How to Paint Grisaille


Grisaille is a painting technique whereby mostly black and white paint has been used to create a monochromatic effect with shades of grey. In fact, the term grisaille can also be used for a painting that is almost grey, perhaps exhibiting subtle color temperatures, such as blues or browns.

What is Grisaille?

Purists use the term to describe working drawings for sculptures or engravings intended to heighten a three-dimensional effect. Enhanced contrasts in light and shadow convey the texture and contours of an intended piece of work, bringing a dramatic feel to the grisaille. Grisaille can also be used for the under-painting, where the foundations of the upper glazes are laid. The grisaille under-glaze is often rendered in rough, broad brushstrokes in thinned oil paint or acrylic.

Grisaille in Painting

Grisaille was originally intended to cut cost when designs were conceived. But Grisaille can also be expressed for aesthetic reasons. Subtle color temperatures can convey a mood or undertone throughout a painting. Black and white paint need not be used, but color combinations that will bring about interesting greys and neutrals. In this painting of Ingres’s, the Valpincon Bather (above), which I painted for one of my art instruction books, I used mostly cool greys in the background to create contrast with the woman’s skin tones.

Grisaille Colors

In this painting, I used a limited palette of pthalo blue, burnt sienna, burnt umber, alizarin crimson and white. The combination of a cool color and a warm color will cancel each other out. But when mixed in various ratios, will create an array of neutrals with different color temperatures that will bring more interesting effects than using merely black and white.

Pigments for Grisaille

In my painting, an array of cool neutrals was achieved for the background by a variety of color mixes, which were (with varying amounts of white):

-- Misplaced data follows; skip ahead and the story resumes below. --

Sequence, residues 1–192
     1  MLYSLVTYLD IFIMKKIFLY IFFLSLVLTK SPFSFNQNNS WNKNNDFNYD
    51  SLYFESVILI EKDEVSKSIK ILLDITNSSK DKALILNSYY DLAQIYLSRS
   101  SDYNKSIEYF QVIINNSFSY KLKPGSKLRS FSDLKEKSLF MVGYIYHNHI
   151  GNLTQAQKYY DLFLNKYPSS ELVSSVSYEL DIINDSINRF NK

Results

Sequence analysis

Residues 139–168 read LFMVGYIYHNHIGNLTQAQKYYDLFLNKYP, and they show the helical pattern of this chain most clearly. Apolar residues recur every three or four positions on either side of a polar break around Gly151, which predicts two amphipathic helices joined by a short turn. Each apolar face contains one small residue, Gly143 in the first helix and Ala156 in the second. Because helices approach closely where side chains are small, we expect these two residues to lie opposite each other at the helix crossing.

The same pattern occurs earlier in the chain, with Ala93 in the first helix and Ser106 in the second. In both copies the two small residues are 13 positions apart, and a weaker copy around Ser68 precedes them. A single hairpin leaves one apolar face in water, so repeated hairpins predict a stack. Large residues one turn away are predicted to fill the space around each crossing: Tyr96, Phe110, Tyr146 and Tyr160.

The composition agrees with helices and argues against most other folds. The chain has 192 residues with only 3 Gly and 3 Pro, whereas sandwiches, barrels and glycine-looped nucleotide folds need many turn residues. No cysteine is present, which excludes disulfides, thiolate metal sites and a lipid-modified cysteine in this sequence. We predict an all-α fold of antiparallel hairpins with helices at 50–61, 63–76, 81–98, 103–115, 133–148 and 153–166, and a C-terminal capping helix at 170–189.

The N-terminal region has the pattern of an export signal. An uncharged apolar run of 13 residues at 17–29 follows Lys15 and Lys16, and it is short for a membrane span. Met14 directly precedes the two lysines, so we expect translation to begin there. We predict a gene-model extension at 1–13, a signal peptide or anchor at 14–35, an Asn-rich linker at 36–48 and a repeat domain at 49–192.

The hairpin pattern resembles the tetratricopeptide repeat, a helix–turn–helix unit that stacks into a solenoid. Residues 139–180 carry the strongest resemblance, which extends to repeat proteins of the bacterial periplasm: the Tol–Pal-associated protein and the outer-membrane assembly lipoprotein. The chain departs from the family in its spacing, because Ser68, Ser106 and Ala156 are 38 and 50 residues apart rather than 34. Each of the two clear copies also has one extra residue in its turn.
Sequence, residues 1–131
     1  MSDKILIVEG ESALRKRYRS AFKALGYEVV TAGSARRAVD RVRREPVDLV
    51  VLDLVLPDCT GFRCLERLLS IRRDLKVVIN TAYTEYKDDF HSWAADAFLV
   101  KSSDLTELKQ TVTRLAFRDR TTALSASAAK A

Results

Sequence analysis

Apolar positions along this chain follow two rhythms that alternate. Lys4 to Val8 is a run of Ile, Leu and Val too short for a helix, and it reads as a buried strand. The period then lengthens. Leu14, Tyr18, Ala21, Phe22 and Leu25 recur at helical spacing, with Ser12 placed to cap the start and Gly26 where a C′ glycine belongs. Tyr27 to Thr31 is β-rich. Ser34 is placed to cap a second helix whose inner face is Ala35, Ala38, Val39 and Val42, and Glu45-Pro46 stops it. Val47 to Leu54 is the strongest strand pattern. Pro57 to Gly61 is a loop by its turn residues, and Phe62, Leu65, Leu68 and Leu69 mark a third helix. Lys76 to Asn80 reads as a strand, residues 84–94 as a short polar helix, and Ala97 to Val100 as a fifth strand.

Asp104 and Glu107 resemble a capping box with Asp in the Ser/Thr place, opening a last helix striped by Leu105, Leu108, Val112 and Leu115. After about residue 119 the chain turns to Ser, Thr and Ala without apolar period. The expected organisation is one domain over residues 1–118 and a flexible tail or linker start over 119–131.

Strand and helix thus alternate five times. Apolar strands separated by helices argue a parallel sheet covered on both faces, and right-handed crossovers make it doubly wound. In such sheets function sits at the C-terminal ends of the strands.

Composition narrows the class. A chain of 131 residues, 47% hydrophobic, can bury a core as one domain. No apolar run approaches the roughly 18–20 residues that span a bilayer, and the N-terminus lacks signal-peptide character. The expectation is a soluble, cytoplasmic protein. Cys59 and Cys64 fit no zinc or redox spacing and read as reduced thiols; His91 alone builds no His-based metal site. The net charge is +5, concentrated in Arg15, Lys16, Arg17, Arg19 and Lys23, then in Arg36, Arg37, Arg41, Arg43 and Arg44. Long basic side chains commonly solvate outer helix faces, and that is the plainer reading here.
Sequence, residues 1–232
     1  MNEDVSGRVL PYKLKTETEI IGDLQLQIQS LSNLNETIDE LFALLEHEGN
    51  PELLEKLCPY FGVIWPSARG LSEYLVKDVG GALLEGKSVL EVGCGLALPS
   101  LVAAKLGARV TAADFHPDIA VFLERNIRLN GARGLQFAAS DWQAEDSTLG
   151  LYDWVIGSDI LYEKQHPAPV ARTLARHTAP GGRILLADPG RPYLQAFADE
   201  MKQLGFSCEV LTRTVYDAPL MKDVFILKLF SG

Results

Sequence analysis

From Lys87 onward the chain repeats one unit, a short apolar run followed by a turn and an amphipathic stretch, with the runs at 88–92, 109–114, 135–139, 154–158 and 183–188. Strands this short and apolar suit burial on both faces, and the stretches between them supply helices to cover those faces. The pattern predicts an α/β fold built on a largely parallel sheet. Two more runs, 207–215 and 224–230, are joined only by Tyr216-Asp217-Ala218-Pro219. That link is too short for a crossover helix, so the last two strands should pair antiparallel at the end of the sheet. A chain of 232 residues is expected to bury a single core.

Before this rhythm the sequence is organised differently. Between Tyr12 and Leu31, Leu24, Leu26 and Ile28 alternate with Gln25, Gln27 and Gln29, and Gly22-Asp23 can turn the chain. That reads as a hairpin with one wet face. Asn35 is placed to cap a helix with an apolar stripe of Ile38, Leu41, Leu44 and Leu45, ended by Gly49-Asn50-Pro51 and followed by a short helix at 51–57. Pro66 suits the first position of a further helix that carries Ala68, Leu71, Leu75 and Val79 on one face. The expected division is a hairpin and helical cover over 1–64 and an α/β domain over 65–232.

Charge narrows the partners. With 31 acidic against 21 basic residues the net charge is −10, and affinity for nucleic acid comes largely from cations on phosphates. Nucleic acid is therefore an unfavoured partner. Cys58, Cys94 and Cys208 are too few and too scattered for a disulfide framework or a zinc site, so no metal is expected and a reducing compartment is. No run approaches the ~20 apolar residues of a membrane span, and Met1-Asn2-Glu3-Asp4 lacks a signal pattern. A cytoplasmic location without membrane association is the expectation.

• Pthalo blue and burnt umber.
  • Pthalo blue and burnt sienna.
  • Pthalo blue, burnt sienna and a little alizarin crimson.
  • Pthalo blue, burnt umber and a little alizarin crimson.
Effective Grisaille Techniques

Varying the ratios of these color combinations as well as the amount of white used will result in an infinite number of warm and cool neutrals from dark to pale, including eggshell, silver, pewter, charcoal, buff, slate, ivory, buff and others. Working these colors in fine glazes will add depth to the tones and richness to color values. A fine glaze is simply a color mixture with a little linseed oil mixed in. This transparent color when placed over a similar color will create richness to an oil painting.

When to Paint Grisaille

However, when scumbled onto a textured art surface, such as canvas, grisaille can bring pleasing effects as can be seen on this painting in progress of Mount Kilimanjaro. Paint with a dry consistency is lightly scrubbed over canvas that has been overlaid with a neutral under-glaze. The highlights and shadow immediately stand out in tonal value rather than hue.

Other Grisaille Effects

Paintings that exhibit a brown or sepia bias can be accurately described as being brunaille. A painting that mostly exhibits green undertones can be described as being verdaille. The first part of each word is French for brown and green. Gris is grey but need not always have to show merely grey in the painting.

Grisaille Painting Ideas

Other color combinations will bring about interesting neutral tones with a variety of color temperatures over a painting, which might be (with various ratios of white):

  • Ultramarine and burnt sienna
  • Permanent rose, burnt umber and pthalo blue
  • Viridian green and permanent rose
  • Ultramarine, cadmium red and burnt umber
  • Prussian blue and Indian red

Grisaille Painting Tips

Notice that each of these color combinations comprises basically a warm color, a cool color and a third that will add depth to tonal values. For great grisaille results, these colors can be mixed in different ratios and applied in different ways, from fine glazes to dry scumbles. The subject matter however, must provide the opportunity to reap the qualities of grisaille, in that high tonal contrasts can be seen within, such as the shadowy snowcap on Mount Kilimanjaro or the delicate shades on the woman’s back.

Images of the nude taken from my art instruction book Skin Tones in Oil: 10 Step by Step Guides from Old Masters, by Rachel Shirley copyright 2013

Articles on my External Websites on Oil Painting


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